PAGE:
As crypto markets rallied to kick off the new year, a handful of DeFi’s subsectors are outperforming. Liquid staking derivatives (LSDs) have been big winners, with Lido’s TVL jumping a third, to $7.8B, since Jan. 1.
Another sector, perpetual futures — a derivative that behaves like a futures contract but doesn’t expire — is now spiking, too.
Synthetix, one of the oldest DeFi protocols on Ethereum, launched a second iteration of its perpetuals platform on the Layer 2 network Optimism in December.
Since then, Synthetix has seen daily active users jump to 5,800 from 2,300 a day on Jan. 9, according to data from Token Terminal.
That’s an all-time high for Synthetix, which is often mocked, even by the protocol’s own team members, for having a dearth of active users.
Mike Griffith, a core contributor to Synthetix, ascribed the growth to users of the new perpetuals product.
“I think Perps V2 is certainly a large factor in the momentum,” Griffith told The Defiant. “It’s finally a perps product that we feel really lives up to what we set out to build ~2 years ago in a cheap, permissionless and composable perps engine that can rival the [centralized exchanges].”
Centralized exchange (CEX) BitMEX pioneered perpetual futures in 2016 with great success. Perpetuals have since been adopted by top exchanges like Binance, as well as more decentralized projects like dYdX.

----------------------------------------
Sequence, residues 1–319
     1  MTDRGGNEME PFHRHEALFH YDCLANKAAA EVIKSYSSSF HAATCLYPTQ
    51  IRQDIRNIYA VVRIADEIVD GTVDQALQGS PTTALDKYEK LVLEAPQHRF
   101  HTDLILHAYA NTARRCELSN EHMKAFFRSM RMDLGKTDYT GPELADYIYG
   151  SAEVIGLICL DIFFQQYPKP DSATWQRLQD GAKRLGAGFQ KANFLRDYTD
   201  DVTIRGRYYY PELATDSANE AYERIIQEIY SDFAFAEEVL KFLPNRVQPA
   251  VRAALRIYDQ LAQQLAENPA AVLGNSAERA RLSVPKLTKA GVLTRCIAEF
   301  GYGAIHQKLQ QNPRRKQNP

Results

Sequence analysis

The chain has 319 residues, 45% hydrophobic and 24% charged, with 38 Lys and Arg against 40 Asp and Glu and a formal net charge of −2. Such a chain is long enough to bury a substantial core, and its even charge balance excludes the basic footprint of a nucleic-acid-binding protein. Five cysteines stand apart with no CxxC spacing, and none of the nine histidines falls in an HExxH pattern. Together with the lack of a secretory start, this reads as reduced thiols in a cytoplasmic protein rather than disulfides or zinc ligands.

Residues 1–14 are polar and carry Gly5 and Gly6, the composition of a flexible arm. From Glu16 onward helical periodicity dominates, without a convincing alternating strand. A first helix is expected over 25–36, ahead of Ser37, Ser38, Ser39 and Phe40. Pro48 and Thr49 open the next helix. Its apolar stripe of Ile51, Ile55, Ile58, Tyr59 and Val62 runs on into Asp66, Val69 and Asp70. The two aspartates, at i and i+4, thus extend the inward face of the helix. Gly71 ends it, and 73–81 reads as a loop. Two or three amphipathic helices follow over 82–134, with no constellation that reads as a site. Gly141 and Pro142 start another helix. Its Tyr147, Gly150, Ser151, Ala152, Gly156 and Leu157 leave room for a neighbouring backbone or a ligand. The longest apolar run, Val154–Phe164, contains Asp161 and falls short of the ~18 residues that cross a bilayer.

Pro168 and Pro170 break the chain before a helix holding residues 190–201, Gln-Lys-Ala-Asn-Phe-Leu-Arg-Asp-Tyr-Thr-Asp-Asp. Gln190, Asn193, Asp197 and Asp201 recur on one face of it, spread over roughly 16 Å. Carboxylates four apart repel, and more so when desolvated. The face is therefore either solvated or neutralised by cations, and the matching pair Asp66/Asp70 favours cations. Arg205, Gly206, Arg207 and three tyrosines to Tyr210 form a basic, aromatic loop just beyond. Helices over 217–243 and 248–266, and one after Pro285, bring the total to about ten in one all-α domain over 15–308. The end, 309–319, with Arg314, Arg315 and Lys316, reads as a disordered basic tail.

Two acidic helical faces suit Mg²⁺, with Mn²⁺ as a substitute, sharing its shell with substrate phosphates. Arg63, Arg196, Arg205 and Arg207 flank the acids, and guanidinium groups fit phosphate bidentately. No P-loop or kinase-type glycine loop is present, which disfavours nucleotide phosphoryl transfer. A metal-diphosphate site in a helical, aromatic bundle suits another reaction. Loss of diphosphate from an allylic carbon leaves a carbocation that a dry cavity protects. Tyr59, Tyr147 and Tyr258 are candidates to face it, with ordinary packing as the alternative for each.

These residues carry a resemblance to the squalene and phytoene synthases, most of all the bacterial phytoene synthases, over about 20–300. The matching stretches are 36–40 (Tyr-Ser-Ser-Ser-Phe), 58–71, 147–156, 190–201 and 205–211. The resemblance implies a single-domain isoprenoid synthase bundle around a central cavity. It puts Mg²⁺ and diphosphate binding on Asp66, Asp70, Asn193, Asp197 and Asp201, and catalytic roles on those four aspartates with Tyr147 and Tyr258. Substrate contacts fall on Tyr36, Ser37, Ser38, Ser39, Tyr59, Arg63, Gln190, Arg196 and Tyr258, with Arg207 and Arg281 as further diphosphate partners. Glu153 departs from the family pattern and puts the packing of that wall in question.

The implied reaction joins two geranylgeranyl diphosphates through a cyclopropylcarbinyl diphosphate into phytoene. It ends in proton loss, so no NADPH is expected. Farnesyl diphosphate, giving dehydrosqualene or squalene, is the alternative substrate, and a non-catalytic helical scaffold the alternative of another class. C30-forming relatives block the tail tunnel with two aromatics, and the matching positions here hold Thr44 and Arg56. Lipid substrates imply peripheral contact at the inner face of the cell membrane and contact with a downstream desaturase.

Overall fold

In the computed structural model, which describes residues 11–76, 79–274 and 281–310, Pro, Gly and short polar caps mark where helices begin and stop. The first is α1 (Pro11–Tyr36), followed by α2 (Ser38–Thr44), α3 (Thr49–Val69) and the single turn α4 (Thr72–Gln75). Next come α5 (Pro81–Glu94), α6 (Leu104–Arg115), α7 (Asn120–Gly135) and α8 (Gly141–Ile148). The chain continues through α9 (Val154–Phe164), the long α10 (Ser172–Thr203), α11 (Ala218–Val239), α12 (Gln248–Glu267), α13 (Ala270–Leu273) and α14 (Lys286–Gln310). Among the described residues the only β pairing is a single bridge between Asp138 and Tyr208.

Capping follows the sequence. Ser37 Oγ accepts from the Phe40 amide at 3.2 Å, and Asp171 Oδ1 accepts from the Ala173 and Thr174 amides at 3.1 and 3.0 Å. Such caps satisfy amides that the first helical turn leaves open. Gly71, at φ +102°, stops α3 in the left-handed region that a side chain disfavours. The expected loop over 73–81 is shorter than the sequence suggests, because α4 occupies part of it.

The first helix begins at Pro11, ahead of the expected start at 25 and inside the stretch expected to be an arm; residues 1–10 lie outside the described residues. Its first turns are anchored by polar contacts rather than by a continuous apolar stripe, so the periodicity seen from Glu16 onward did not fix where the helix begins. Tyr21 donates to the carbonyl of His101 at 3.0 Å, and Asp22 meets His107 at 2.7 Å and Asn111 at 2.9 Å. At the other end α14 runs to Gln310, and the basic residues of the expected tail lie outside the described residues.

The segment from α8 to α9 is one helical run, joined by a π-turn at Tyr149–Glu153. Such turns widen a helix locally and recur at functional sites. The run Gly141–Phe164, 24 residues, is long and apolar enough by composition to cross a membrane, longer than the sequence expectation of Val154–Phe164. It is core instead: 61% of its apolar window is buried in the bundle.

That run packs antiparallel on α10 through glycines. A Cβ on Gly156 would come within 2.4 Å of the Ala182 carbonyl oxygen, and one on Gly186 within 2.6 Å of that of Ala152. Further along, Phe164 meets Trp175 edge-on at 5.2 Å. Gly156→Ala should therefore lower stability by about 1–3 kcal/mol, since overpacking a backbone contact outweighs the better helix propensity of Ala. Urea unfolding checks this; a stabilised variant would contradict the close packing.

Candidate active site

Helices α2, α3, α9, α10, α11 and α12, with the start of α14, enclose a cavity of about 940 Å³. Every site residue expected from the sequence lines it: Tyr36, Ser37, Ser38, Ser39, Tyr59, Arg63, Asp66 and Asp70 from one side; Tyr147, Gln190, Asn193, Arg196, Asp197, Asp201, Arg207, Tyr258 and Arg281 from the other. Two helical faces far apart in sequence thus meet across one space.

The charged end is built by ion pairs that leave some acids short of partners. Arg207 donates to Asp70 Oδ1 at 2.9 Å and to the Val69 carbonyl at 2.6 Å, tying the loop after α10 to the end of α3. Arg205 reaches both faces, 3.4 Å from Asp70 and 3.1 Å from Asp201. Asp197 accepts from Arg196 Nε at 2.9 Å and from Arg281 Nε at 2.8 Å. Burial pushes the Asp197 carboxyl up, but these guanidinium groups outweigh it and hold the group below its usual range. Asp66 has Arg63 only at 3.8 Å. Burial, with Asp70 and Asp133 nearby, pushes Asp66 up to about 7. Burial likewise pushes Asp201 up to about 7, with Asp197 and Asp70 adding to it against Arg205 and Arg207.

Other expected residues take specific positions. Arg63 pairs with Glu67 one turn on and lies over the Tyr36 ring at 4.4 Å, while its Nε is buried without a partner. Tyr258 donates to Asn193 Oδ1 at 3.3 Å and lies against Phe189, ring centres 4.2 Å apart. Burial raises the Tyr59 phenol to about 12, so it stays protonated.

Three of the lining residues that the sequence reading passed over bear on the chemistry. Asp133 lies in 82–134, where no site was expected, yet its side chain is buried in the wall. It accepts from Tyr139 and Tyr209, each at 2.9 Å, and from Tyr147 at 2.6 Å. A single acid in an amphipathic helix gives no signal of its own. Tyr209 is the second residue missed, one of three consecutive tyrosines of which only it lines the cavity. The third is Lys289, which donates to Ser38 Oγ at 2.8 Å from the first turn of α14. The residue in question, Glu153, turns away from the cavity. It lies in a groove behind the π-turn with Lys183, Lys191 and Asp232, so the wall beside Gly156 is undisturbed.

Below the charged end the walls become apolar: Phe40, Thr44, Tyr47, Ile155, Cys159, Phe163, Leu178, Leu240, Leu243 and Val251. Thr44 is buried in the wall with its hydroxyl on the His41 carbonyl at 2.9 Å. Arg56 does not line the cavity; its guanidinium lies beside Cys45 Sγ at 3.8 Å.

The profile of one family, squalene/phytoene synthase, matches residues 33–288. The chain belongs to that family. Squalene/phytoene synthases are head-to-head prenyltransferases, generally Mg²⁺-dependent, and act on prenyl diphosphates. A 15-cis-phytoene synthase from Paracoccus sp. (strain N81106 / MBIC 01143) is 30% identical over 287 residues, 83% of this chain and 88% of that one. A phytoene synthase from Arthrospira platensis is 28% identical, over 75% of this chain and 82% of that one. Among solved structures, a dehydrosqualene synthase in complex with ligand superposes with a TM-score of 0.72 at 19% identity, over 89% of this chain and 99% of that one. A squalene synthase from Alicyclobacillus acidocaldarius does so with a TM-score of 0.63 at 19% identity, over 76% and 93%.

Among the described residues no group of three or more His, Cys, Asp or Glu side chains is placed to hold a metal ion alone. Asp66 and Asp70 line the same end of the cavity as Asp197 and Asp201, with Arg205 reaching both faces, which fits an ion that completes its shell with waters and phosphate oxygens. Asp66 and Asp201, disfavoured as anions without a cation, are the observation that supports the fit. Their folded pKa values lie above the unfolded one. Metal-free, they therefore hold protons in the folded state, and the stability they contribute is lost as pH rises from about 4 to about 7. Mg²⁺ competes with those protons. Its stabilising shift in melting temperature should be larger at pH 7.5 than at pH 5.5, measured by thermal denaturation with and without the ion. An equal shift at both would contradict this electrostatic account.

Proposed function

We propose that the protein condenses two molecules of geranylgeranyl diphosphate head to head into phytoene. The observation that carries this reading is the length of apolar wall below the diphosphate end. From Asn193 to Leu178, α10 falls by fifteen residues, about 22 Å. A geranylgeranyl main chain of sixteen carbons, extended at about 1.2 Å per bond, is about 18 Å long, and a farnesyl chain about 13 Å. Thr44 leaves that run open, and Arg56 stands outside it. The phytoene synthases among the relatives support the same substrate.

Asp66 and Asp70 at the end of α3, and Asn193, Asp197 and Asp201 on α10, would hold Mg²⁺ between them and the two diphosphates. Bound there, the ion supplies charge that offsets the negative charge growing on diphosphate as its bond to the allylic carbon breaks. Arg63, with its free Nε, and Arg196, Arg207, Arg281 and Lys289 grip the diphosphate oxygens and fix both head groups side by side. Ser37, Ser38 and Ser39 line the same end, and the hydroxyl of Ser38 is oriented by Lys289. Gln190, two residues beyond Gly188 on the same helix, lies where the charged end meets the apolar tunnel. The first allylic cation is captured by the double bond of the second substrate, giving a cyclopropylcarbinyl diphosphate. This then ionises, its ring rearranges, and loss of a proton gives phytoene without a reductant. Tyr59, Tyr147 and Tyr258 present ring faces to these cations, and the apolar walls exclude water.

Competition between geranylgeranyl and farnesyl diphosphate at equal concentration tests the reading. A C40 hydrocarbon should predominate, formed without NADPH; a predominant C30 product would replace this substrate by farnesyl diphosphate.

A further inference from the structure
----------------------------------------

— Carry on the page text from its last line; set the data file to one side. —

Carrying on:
Synthetix isn’t the only perpetuals protocol hitting all-time highs — GMX, another major player in the category that operates on Arbitrum, also set a record in terms of fees generated for stakers of the GMX token, on Jan. 8, according to a dashboard provided by the project.
Of course, these spikes are bound to occur during bouts of volatility like the one crypto has experienced in the last few weeks, with traders jockeying to take advantage of price swings.
Griffith agreed that sharp price moves contributed to the highs, though he added that Synthetix may not be as beholden to market conditions in the future.
“I think the volatility certainly contributed to some of the recent momentum,” he said. “Our products, once optimized, should develop a sizable base of volume in any environment.”
Regardless, Synthetix and GMX are booming relative to conventional decentralized exchanges (DEXs) in recent weeks — leaders like Uniswap and Curve have seen an uptick in volume in January, but mainly just to levels reached in December.
Notably, both GMX and Kwenta, the primary project which integrated Synthetix’s new perpetuals product, run on Layer 2s (L2s), which are scaling solutions for the Ethereum blockchain.
“We can’t really do perps on Layer 1,” Griffith said, adding that the fees would be prohibitive to all but the deepest pockets and that the user experience would also suffer.
To be sure, Synthetix has had other brief stints of momentum — in June of last year, the protocol collected nearly a million dollars in fees, which are paid to stakers of the SNX token when traders swap synthetic assets. Fees quickly dropped off, however, according to CryptoFees.
Fees paid to SNX stakers for the past year.
Wave of Momentum
Synthetix’s SNX token is also riding the wave of momentum which has carried most digital assets higher in the new year. SNX is up 50% in 2023, more than ETH at 30%, but less than Lido’s red hot LDO, which has surged 121%, according to The Defiant Terminal.